**Winter Solstice**

First Winter Moon

Second Winter Moon

*Leap Winter Moon*

Last Winter Moon

**Spring Equinox**

First Spring Moon

Second Spring Moon

*Leap Spring Moon*

Last Spring Moon

**Summer Solstice**

First Summer Moon

Second Summer Moon

*Leap Summer Moon*

Last Summer Moon

**Autumn Equinox**

First Autumn Moon

Second Autumn Moon

*Leap Autumn Moon*

Last Autumn Moon

Leap moons and blue moons can occur during any season, but they are much more likely to occur during the summer or spring. This is because the Earth’s orbit around the Sun is not even.

This orbit results in the seasons being slightly different lengths

Winter: 88.99 days

Spring: 92.75 days

Summer: 93.65 days

Autumn: 89.85 days

The average time between the appearance of a new moon and then three more is 88.59 days, which is 0.4 days shorter than winter which is the shortest season, and 5.6 days shorter than summer, the longest season. This means that in an average Metonic cycle the 13^{th} moons are included in the following seasons

year 3 – Summer

year 6 – Spring

year 8 – Summer or Autumn

year 11 – Summer

year 14 – Spring

year 17 – Spring

year 19 – Summer

Roughly
every 19.52 metonic cycles or great years (371 solar years) there
will be only 2 winter New Moons. This anomaly results in a leap month
both in the autumn preceding and the spring following the 2 moon
winter. The consequence of this is an 8^{th}
extra leap month in the metonic cycle disrupting the pattern of which
years the 13^{th}
New Moon will appear in. This can be easily resolved as there are
warning signs that this 2 moon winter is approaching.

Approximately
2 cycles before the 2 moon winter will occur there will be no leap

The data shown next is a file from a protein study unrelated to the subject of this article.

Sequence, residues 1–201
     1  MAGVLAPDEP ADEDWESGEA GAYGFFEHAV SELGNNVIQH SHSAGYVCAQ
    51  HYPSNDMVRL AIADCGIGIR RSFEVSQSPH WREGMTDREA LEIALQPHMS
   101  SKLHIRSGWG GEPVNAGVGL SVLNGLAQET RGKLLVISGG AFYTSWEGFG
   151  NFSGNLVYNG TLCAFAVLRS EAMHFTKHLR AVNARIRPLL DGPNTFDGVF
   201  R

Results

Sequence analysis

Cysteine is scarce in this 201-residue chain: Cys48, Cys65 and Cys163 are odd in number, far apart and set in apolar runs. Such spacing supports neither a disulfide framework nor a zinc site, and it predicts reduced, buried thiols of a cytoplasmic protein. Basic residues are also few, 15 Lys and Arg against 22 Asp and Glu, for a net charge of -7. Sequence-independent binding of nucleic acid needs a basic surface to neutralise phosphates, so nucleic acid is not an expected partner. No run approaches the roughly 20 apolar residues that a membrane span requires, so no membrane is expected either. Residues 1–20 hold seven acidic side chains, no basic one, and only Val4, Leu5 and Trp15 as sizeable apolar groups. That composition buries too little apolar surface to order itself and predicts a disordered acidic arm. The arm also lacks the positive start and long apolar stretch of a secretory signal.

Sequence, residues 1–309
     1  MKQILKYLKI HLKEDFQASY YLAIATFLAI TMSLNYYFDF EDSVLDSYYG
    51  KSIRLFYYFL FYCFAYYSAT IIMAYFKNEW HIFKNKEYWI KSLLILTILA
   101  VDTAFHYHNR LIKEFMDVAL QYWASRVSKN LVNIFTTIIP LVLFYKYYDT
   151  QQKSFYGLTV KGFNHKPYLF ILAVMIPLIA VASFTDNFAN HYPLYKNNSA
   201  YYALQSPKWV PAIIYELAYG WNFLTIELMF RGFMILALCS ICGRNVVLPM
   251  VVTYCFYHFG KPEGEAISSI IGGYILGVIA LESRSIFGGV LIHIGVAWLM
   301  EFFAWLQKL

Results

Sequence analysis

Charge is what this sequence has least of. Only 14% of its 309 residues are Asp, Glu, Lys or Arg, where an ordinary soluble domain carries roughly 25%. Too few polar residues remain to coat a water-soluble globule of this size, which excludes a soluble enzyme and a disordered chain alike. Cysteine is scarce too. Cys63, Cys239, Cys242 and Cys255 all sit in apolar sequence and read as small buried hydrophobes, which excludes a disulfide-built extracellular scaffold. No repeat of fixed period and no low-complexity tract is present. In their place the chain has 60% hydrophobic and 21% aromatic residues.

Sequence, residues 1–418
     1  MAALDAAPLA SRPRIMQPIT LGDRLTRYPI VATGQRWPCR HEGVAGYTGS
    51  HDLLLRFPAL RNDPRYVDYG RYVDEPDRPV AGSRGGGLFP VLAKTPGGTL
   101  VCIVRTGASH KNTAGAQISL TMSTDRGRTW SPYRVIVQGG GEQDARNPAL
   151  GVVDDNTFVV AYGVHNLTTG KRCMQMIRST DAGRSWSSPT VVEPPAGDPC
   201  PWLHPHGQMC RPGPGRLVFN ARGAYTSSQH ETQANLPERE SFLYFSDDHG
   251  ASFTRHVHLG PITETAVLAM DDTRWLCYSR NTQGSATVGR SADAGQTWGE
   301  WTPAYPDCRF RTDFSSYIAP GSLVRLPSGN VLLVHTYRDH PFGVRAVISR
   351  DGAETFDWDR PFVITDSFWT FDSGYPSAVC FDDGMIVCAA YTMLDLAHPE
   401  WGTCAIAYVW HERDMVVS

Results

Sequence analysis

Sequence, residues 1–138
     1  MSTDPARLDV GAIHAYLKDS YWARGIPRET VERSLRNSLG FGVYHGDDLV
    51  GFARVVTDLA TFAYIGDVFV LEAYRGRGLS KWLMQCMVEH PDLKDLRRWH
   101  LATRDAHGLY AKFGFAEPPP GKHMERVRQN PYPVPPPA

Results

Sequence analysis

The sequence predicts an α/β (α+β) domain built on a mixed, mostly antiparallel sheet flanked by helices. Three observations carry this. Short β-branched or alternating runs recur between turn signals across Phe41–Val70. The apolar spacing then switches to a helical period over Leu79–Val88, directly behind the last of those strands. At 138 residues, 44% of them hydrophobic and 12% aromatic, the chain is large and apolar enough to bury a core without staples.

moon in the 8^{th}
year. Instead it will appear in the 9^{th}
year. When this happens, the current cycle must be ended early, and a
new cycle is started. The current cycle is continued adding another
leap moon in year 11. The following year this cycle is ended, and a
new cycle is started. Year 12 becomes year 1 of the next cycle. This
new cycle will follow the standard pattern. After that there will be
up to 4 cycles that do not fit the standard pattern. The first cycle,
and sometimes the second will have an 8^{th}
leap moon in the 16^{th}
year. Following this there will be 2 more cycles where the leap moon
moves from the 17^{th}
to the 16^{th}
year. Once these 3 or 4 cycles have concluded, the standard Metonic
sequence is resumed for 15 or 16 cycles until the next time the leap
moon occurs in the 9^{th}
year.

The
last time the leap moon moved to the 9^{th}
year was in 2015. 2018 marked the early ending of that cycle and the
start of the next. When our current cycle ends in 2036, the next 4
cycles will not fit the standard metonic pattern as described above.

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Next: The sun and moon